The input winding NP receives the input voltage VIN for outputting an output voltage VOUT through the core 401 and the output winding NS, and outputting a supply voltage VDD through a supply winding NA (between Node 7 and Node 5). The supply winding NA includes the auxiliary winding NA2 and the shielding winding NA1. A transformer of a flyback converter is used for illustration, each foregoing winding can be obtained by the following equation (1) and (2):

N P N S = V IN V O ( 1 ) N P N A = V IN V DD ( 2 )

wherein the NP is the winding turns of the input winding, which also indicates the input winding. NS is the winding turns of the output winding, which also indicates the output winding. NA is the winding turns of the supply winding, which also indicates the supply winding. VIN, VO and VDD are the input voltage, the output voltage, and the supply voltage respectively. The supply winding NA comprises the shielding winding NA1 and the auxiliary winding NA2.

The design rule of the shielding winding NA1 is to set the winding turns of the shielding winding NA1 equal to the output winding NS in response to the winding turns of the output winding NS, and the space of the bobbin and the magnitude of the output current are further considered in accordance with the actual manufacturing needs. The shielding winding NA1 is used for multiple-parallel winding with fully wound on one layer of the bobbin once the wire size of the shielding winding NA1 is smaller than the output winding NS. Another design rule of the foregoing shielding winding NA1 is to set the difference in winding turns between the shielding winding NA1 and the output winding NS is one turn, and the space of the bobbin and the magnitude of the output current are further considered in accordance with the actual manufacturing needs. The shielding winding NA1 is used for multiple-parallel winding with fully wound on one layer of the bobbin once the wire size of the shielding winding NA1 is smaller than the output winding NS. The winding turns of the shielding winding NA1 and the output winding NS are used for multiple-parallel winding with fully wound on one layer of the bobbin respectively. In other words, when the bobbin is coupled to the core 401, the height occupied by the winding turns above the bobbin can be greatly decreased to effectively reduce the problem of insufficient space and damages as the wire size of the shielding winding NA1 is smaller than the output winding NS.

The ratio of sum of the winding turns of the shielding winding NA1 and the auxiliary winding NA2 to the winding turns of the output winding NS is equal to the ratio of the supply voltage VDD to the output voltage VO. In other words, the sum of winding turns of the shielding winding NA1 and the auxiliary winding NA2 is equal to the winding turns of the supply winding NA. In addition, the winding phases of the shielding winding NA1 and the auxiliary winding NA2 are the same as the winding phase of the output winding NS. The wire size and the winding turns of the auxiliary winding NA2, the output winding NS, and the input winding NP are selected to be the same as those of a prior art, and thus will not be described here.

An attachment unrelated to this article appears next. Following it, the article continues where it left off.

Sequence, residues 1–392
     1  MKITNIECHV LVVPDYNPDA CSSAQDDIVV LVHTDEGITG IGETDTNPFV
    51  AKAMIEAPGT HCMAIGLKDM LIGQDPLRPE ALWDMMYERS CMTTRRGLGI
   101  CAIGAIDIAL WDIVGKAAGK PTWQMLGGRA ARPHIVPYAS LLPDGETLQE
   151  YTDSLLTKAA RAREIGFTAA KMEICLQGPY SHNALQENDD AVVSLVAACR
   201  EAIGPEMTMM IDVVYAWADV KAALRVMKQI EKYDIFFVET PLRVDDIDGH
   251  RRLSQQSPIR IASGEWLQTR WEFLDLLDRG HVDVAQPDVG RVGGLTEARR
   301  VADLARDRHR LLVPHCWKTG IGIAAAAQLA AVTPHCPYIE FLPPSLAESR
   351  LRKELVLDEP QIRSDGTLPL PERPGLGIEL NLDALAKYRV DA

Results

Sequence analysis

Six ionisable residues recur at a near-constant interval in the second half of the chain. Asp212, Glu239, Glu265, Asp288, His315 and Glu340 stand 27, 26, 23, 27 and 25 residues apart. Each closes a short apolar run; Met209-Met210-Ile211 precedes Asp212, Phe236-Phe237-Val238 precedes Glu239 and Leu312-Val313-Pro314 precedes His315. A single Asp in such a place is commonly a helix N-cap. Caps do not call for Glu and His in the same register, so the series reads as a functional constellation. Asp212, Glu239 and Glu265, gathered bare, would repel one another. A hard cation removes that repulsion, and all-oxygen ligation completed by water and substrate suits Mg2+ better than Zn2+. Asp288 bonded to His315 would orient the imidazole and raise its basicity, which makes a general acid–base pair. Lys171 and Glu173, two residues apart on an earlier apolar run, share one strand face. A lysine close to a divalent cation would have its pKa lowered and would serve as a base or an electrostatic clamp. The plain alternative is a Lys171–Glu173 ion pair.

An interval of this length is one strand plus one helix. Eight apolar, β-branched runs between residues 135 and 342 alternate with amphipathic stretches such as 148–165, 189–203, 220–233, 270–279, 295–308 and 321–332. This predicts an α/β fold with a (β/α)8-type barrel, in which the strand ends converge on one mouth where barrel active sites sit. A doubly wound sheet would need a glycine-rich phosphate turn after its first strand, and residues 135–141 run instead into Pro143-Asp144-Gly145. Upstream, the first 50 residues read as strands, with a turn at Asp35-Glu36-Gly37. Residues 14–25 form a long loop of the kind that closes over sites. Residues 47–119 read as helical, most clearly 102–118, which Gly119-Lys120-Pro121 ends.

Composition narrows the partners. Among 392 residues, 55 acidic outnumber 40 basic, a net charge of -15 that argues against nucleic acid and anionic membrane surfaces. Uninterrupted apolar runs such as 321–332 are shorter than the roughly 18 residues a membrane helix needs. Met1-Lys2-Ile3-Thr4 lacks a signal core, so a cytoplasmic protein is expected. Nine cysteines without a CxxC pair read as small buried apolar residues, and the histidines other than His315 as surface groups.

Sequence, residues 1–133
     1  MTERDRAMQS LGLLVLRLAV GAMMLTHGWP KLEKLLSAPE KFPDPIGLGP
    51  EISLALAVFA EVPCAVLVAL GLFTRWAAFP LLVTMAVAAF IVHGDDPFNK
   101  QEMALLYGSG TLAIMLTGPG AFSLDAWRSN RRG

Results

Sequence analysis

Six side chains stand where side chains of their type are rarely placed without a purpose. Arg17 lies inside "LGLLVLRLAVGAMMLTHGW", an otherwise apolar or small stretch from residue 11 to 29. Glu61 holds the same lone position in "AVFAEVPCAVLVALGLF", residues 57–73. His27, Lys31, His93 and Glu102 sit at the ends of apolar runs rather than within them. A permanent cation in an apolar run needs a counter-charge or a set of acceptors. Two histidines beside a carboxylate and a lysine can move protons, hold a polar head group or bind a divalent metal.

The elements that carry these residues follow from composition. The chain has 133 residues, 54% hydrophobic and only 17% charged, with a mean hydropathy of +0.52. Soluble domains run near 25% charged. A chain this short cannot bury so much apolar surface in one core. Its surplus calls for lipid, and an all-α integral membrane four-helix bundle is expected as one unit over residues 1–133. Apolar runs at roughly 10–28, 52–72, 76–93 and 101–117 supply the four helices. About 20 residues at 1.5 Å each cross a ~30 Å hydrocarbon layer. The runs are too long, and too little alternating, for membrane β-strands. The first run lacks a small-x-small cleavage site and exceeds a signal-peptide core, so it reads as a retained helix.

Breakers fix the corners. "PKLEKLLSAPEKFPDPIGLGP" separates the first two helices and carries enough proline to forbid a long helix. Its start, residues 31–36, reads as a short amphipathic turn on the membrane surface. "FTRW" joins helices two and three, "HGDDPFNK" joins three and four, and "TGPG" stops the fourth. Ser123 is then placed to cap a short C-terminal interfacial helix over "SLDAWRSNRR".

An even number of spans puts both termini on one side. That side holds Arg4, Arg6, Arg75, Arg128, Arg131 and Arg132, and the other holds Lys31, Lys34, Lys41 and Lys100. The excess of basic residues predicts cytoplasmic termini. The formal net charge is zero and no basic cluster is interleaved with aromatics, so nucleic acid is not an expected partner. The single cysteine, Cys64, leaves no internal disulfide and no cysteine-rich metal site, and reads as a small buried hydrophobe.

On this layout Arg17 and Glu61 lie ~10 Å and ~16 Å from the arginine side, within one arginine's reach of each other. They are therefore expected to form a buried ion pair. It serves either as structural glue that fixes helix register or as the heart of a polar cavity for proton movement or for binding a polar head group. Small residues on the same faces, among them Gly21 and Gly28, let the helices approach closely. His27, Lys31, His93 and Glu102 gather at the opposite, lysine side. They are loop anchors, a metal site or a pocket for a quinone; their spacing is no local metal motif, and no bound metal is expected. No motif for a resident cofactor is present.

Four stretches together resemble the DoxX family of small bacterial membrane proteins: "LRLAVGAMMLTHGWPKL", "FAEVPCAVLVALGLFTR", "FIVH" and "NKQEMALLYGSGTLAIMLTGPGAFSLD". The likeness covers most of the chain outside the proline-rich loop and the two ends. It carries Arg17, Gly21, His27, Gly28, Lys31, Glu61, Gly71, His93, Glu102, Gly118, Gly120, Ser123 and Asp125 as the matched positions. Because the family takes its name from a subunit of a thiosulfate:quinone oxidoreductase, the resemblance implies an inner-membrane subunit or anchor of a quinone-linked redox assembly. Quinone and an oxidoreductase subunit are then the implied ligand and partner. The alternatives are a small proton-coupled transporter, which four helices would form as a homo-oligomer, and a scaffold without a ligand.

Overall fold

The input winding NP is coupled to the input voltage VIN for outputting the output voltage VOUT through the core 401 and the output winding NS, and outputting the supply voltage VDD through the shielding winding NA1 and the auxiliary winding NA2. The output voltage VOUT and the supply voltage VDD are produced in proportional to the input voltage VIN respectively. Since the sum of the winding turns of the shielding winding NA1 and the auxiliary winding NA2 is equal to the supply winding NA, so that the output power of the shielding winding NA1 and the auxiliary winding NA2 can be used as an operating voltage required for the controller U1.

Referring to FIG. 4 for the cross-sectional view of the energy transfer apparatus for reducing conductivity electromagnetic interference according to the present invention, each winding uses the bobbin (not shown in the figure) as the center to sequentially wind the input winding NP, the auxiliary winding NA2, the shielding winding NA1, and the output winding NS and then connects the core 401, such that each winding is wound around the core 401, wherein a tape 111 is used for separating each winding.

The relations between each winding and the core 401 are as follows: The input winding NP is close to the core 401 more than the auxiliary winding NA2, the shielding winding NA1, and the output winding NS, the auxiliary winding NA2 is close to the core 401 more than the shielding winding NA1 and the output winding NS, the shielding winding NA1 is close to the core 401 more than the output winding NS. The coupling relations of each winding are as follows: The output winding NS is capacitively coupled to the input winding NP, the shielding winding NA1 and the auxiliary winding NA2 are capacitively coupled to the output winding NS, the auxiliary winding NA2 is electrically coupled to the shielding winding NA1, the shielding winding NA1 and the auxiliary winding NA2 are electrically coupled to the input winding NP.